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France may add 'Schindler's List' to civics curriculum

March 12, 2004|From Reuters

PARIS — French schools should show films such as "Schindler's List" or "The Pianist" to combat a dramatic rise in racism and anti-Semitism among students, said France's education minister, Luc Ferry.

Novels, documentary films and visits to former Nazi concentration camps also would help invigorate civics classes meant to teach tolerance and understanding, he said this week while presenting a new guide to materials against racial hatred.

Ferry said serious problems with racism and anti-Semitism were limited to about 5% of schools in France, but the problem overall had grown rapidly in the last three years.

"For the first time since World War II, anti-Semitism is now more widespread than racism that is not directed against Jews," he told journalists. "We cannot act as if this didn't exist, we cannot not respond to it."

The guide is part of efforts in France and other European countries to deal with resurging anti-Semitism linked to recent Middle East tensions.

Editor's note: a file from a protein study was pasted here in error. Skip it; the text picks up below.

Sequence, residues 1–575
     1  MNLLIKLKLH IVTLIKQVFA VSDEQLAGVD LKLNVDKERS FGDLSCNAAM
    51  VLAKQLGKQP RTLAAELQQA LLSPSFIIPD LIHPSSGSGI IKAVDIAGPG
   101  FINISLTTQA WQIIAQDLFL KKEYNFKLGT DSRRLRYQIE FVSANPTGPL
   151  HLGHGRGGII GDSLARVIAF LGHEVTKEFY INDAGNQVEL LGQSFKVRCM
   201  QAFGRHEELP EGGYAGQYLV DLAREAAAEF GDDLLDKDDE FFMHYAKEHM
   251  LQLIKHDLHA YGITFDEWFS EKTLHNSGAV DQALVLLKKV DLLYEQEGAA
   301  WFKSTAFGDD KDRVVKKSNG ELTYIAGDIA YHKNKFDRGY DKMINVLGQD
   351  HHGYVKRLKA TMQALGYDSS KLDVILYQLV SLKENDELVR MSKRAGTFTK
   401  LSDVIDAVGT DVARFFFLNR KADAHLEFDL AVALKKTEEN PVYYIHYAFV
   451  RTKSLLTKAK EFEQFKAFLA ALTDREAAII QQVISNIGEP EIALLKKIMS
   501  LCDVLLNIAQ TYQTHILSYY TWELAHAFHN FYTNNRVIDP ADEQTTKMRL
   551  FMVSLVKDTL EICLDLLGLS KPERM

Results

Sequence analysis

European Commission President Romano Prodi supports these efforts but has disputed charges that anti-Jewish violence in Europe is as bad as it was in the 1930s.

Ferry said popular films depicting the Nazi persecution and slaughter of Jews during World War II could add a powerful message to the usual civics lessons based on textbooks.

"When you see a film like 'Schindler's List,' 'The Pianist' or 'Shoah,' you understand the reality of racism and anti-Semitism more than if you're asked to read the 1948 [United Nations] Declaration of Human Rights," he said.

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